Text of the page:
Health care professionals have proclaimed the health benefits of eating a vegetarian diet in recent years. But a new study questions such a diet's effects on the environment, with researchers warning that consuming more fruits, vegetables, dairy and seafood could be harmful to the environment.
The study is published in the journal Environment Systems and Decisions and was conducted by researchers from Carnegie Mellon University in Pennsylvania.
As part of the US government's 2015 Dietary Guidelines for Americans, health officials detailed diet recommendations to the US Department of Agriculture (USDA), which called for the adoption of plant-based diets as a way to improve public health.
Additionally, a study published earlier this year suggested consuming a vegetarian diet is linked to reduced risks of colorectal cancer.
However, despite the touted health benefits of a vegetarian diet, researchers from the latest study have found that following the USDA recommendations to consume more fruits and vegetables will be harmful to the environment because these foods have high resource uses and greenhouse gas (GHG) emissions per calorie.
Study author Prof. Paul Fischbeck says eating lettuce "is over three times worse in greenhouse gas emissions than eating bacon," noting that many common vegetables use "more resources per calorie than you would think."
Interestingly, he says vegetables such as eggplant, celery and cucumbers require more resources than pork or chicken.
'Complex relationship between diet and environment'
Prof. Fischbeck and colleagues - Michelle Tom, PhD student, and Prof. Chris Hendrickson - analyzed the food supply chain in order to assess how the US obesity epidemic is affecting the environment.
In detail, they looked at the growing, processing and transporting of food - as well as food sales and household storage - to determine how they impact resources by using energy and water, and how they impact GHG emissions.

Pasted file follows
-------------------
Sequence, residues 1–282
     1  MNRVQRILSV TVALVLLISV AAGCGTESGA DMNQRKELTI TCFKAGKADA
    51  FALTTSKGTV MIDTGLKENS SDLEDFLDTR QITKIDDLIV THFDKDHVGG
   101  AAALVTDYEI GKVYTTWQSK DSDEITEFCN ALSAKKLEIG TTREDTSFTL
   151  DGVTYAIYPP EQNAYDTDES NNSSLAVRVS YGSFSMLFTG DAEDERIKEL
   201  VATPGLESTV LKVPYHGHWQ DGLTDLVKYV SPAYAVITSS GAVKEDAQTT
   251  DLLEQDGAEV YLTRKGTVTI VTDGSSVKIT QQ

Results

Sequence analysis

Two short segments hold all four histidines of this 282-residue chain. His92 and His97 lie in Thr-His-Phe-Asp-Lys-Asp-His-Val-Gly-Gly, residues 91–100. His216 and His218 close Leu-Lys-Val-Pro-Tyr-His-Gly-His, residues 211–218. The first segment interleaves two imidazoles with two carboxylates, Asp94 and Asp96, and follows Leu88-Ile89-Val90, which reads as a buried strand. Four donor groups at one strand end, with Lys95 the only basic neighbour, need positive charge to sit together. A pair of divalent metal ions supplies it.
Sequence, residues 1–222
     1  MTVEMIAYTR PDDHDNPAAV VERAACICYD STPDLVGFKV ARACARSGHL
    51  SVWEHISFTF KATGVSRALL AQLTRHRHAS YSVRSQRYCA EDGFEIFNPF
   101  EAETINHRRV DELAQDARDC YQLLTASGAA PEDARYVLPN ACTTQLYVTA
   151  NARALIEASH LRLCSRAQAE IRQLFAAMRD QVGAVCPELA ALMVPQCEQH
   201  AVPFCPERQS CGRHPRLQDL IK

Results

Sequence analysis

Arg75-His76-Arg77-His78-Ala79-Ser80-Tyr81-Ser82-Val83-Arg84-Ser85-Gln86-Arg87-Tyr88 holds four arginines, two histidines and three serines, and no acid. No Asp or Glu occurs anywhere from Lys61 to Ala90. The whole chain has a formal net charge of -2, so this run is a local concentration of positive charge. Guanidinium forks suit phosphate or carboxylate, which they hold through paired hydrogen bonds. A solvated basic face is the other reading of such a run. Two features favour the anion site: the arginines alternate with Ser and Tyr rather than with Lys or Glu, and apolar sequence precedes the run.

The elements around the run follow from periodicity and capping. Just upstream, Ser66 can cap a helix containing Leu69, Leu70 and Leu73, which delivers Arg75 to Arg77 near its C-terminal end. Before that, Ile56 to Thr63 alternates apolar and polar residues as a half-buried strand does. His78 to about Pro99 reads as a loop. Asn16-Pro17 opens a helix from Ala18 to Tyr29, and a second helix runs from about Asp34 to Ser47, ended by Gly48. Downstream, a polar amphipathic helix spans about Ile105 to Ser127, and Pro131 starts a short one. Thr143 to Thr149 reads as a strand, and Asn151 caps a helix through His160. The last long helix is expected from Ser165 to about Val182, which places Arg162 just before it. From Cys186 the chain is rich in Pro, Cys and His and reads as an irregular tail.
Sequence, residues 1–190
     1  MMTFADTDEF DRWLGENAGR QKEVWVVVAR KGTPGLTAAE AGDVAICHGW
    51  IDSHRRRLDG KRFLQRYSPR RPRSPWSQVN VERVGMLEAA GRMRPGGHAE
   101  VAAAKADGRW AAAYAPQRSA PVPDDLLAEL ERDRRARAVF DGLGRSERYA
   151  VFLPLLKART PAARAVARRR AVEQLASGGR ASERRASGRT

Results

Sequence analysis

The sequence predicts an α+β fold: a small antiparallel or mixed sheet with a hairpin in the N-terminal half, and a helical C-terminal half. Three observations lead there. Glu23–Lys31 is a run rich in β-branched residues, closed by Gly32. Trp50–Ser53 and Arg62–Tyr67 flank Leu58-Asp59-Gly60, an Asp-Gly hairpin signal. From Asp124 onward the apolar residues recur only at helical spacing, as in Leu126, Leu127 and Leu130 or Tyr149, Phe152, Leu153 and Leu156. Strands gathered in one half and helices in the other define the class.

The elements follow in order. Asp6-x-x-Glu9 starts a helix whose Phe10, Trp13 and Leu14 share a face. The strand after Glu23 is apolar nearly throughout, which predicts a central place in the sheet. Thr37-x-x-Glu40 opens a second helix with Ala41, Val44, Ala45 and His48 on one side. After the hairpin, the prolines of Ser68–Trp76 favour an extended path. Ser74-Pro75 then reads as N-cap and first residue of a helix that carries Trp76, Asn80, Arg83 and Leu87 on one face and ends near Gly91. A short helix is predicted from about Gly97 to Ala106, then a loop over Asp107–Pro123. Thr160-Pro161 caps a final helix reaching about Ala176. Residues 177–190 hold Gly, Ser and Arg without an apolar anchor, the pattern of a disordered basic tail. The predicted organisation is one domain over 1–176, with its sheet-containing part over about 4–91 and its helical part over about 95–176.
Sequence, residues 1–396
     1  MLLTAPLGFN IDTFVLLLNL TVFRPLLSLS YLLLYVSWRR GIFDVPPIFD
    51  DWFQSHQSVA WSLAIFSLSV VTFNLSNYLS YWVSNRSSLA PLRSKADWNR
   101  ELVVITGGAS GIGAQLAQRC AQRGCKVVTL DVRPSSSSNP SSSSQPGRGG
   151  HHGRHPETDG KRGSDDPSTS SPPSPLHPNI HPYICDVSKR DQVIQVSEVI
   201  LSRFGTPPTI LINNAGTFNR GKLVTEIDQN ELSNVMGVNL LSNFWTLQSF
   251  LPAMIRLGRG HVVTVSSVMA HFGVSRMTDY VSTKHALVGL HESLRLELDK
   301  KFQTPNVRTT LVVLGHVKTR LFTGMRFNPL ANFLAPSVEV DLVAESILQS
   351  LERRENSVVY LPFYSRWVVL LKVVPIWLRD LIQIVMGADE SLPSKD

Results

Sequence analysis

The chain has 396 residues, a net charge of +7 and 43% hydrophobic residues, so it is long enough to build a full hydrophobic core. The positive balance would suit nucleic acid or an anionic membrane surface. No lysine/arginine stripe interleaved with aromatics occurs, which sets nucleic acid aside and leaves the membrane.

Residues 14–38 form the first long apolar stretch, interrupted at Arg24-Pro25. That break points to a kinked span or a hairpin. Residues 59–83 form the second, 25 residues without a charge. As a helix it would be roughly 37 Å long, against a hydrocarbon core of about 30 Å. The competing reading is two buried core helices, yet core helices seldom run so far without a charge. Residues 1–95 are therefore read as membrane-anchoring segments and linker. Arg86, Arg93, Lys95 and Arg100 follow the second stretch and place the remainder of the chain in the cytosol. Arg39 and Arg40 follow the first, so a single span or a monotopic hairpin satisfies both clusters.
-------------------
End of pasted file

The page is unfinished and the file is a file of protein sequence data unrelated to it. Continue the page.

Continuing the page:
Results revealed that keeping the obesity epidemic in check by eating fewer calories positively impacts the environment by reducing energy and water use, and lowering GHG emissions by around 9%.
On the flip side, however, eating the healthier foods as recommended by the US Dietary Guidelines - which includes fruits, vegetables, dairy and seafood - negatively impacts the environment by increasing energy use by 38%, water use by 10% and GHG emissions by 6%.
"Amidst the current overweight and obesity epidemic in the USA, the Dietary Guidelines provide food and beverage recommendations that are intended to help individuals achieve and maintain healthy weight," write the authors.
However, Michelle Tom notes that there is another side to eating healthily:
"There's a complex relationship between diet and the environment. What is good for us health-wise isn't always what's best for the environment. That's important for public officials to know and for them to be cognizant of these tradeoffs as they develop or continue to develop dietary guidelines in the future."
Then again, what is good for the environment is not always best for our health; Medical News Today recently reported on a study that suggested avoiding meat could reduce kidney cancer risks.
Additionally, a report published recently by the World Health Organization (WHO) suggested eating processed meats can cause colorectal cancer.